Cilic Seals His Spot In Australian Open Final
Croatian hits 32 winners, including 11 aces, for historic victory
Marin Cilic was superb on serve and played with great focus on Thursday night to become the first Croatian to reach the Australian Open final, which represents his third Grand Slam championship title match (also 2014 US Open, 2017 Wimbledon).
The 29-year-old, competing in a semi-final at Melbourne Park for the second time (also 2010), used his big-match experience at key moments to defeat Kyle Edmund of Great Britain 6-2, 7-6(4), 6-2 in two hours and 18 minutes on Rod Laver Arena.
"I think in the second set I was a bit up and down with my game and not getting enough returns back," Cilic told Jim Courier, in an on-court interview. "He started to serve quite good. I stayed mentally very focused and tried to play every single point. It was crucial in the tie-break to keep that pressure. I noticed in the third game in the third set, [that] he let a couple of balls go. I was seeing that his movement was restricted, so I was trying to move the ball around."
Sixth seed Cilic has reached the Australian Open final on his 10th appearance, equalling the Open Era record (since April 1968) of Kim Warwick. He awaits the winner of five-time champion Roger Federer, the second seed from Switzerland, and South Korea’s Hyeon Chung, who will play their semi-final on Friday night.
“I think overall, consistently, I'm playing better,” said Cilic. “I think I am performing better when you look at match after match. I think [at the 2014] US Open, I played just amazing tennis. But it was more difficult for me to keep it for a long period of time. Now I feel that with this kind of tennis, I can keep it throughout the season. That's my goal, at the end of the year, that I can look back and that I am happy about my performances at a consistent level.”
World No. 49 Edmund had been attempting to become the fourth British man to reach a Grand Slam championship final in the Open Era – after Andy Murray (11 finals), John Lloyd (1977 Australian Open) and Greg Rusedski (1997 US Open).
"Obviously, I'm just disappointed I lost, but it's been a really good couple of weeks for me," said Edmund. "I just got the experience of going deep in a [Grand] Slam for the first time and all the stuff that comes with it... I played a lot of tough matches, won some tough matches [and] beat good players. This type of tournament just gives you the bug to want more. I definitely go away from the whole week feeling positive."
How The Australian Open Semi-final Was Won
Cilic came under pressure immediately, falling to 15/40, largely because of two groundstroke errors. But Edmund, who had moved Cilic out from his favoured backhand corner, was unable to capitalise. Cilic grew in confidence to break to 30 in both the sixth and eighth games, courtesy of a backhand error from Edmund and a forehand winner for Cilic, his eighth of the 35-minute set. Edmund soon departed the court for a medical time-out, which lasted eight minutes. Cilic won 12 of his 14 first-serve points, including one ace.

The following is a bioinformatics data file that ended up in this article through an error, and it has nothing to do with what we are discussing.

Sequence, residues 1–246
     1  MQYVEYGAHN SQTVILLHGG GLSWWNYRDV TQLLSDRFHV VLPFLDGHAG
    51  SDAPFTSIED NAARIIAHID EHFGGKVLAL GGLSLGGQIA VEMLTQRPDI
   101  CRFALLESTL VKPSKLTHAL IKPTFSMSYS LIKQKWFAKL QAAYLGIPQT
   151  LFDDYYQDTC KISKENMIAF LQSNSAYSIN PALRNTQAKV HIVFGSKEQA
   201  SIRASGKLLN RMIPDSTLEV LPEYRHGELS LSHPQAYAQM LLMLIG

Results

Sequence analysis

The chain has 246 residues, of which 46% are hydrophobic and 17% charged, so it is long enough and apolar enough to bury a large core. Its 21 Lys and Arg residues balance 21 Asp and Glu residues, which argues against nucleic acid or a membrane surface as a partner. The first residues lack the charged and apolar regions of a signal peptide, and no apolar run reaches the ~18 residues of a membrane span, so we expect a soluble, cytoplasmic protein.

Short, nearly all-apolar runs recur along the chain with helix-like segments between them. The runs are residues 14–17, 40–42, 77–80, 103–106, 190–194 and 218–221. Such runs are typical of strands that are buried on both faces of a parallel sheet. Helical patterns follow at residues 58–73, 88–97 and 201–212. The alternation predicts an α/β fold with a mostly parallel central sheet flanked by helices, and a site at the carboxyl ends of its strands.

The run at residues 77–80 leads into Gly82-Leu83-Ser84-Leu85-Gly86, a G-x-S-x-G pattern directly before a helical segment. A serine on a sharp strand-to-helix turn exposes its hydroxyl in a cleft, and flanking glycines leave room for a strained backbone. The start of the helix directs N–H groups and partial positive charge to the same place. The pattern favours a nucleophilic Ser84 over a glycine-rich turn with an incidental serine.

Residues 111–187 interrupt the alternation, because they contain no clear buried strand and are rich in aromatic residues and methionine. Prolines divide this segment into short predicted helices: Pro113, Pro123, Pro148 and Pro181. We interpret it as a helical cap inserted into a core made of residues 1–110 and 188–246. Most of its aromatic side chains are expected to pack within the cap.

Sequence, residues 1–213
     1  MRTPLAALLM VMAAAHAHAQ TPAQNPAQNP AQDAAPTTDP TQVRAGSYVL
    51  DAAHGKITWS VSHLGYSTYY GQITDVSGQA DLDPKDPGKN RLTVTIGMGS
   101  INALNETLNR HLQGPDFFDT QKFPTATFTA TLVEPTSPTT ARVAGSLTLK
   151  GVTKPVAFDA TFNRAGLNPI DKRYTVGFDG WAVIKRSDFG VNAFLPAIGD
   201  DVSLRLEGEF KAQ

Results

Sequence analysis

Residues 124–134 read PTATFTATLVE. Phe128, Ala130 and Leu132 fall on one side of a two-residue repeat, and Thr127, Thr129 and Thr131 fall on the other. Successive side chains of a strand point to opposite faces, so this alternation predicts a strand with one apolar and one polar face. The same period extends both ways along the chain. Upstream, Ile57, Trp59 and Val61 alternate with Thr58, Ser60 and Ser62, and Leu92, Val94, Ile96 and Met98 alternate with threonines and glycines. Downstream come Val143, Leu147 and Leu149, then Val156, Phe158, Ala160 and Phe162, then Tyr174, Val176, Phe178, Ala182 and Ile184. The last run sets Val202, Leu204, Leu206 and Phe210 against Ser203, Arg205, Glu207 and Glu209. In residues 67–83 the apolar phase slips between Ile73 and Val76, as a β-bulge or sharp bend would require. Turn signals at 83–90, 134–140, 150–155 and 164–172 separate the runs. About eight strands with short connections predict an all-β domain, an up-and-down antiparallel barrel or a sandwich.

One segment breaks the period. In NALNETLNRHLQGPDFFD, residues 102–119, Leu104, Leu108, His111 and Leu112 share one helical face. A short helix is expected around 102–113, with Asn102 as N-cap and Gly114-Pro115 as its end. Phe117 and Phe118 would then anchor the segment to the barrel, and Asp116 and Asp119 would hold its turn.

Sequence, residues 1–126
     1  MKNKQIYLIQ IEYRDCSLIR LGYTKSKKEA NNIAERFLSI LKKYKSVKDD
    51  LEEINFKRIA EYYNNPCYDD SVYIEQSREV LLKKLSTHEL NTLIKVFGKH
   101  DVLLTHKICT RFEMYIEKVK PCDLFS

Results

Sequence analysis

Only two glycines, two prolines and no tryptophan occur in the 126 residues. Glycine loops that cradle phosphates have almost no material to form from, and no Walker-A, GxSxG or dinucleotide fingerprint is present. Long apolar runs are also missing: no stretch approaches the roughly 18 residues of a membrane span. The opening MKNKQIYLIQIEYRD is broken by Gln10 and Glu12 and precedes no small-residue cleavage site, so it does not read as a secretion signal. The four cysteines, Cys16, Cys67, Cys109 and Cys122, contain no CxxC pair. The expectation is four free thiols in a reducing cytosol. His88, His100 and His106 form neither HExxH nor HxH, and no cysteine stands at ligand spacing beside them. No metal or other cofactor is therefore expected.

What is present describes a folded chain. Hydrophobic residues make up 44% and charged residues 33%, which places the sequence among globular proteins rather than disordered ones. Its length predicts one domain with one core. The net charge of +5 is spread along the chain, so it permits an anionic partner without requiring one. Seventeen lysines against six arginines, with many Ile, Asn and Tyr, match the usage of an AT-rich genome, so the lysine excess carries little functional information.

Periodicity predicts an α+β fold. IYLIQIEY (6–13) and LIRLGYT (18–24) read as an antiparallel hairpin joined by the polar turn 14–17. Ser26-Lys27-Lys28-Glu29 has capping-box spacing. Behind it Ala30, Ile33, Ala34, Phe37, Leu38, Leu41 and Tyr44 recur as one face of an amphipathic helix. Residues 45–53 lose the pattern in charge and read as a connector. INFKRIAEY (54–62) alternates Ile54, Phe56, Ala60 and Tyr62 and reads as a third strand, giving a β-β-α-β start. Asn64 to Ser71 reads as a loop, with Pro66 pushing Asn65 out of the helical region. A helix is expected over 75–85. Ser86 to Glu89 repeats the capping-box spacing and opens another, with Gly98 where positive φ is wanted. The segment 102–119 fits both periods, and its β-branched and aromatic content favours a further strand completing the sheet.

“When playing in the semi-finals, when there is a lot at stake, and not losing a serve during the match is obviously big,” said Cilic. “I was two break points down in the first game, and those first three, four games were not the best level, but I think I… found my way and I played my way into the match.”
Edmund returned with greater focus and in the fifth game, when a line judge had called Cilic's serve wide, the 23-year-old challenged the Hawk-Eye decision that went his opponent’s way. Edmund believed the point should have been replayed and called for the referee, having claimed his return was affected by the call as he played the stroke. It fired the Briton up and the set was decided on a tie-break, which went with serve through the first six points until Edmund missed a forehand close to the net at 3/3. A focused Cilic, moving and serving well, soon roared with delight as he struck a stunning forehand winner for a two-sets-to-love advantage.
“We didn't hit too many balls off the back of the court,” said Cilic. “That second set was relying more or less on the serve and first shot to be in control. I played a great tie-break. [I was] very focused to win every single point.”
Pumped up and sensing an opportunity to hammer home his advantage, Cilic broke in the third game courtesy of a concentration lapse from Edmund, who was attempting to recover from a 0-2 set deficit for the first time. Despite an injury concern, Edmund continued to fight and saved a break point in the fifth game, but at 2-4, Cilic converted his second break point opportunity with a forehand winner. Moments later Cilic completed an historic victory. He also beat Edmund 6-3, 7-6(5) in October 2017 at the Rolex Shanghai Masters.
Did You Know?
Cilic is 11th in the Infosys ATP Stats Leaderboards Serving Category for the past 52 weeks, with a serve rating of 284.0. Learn more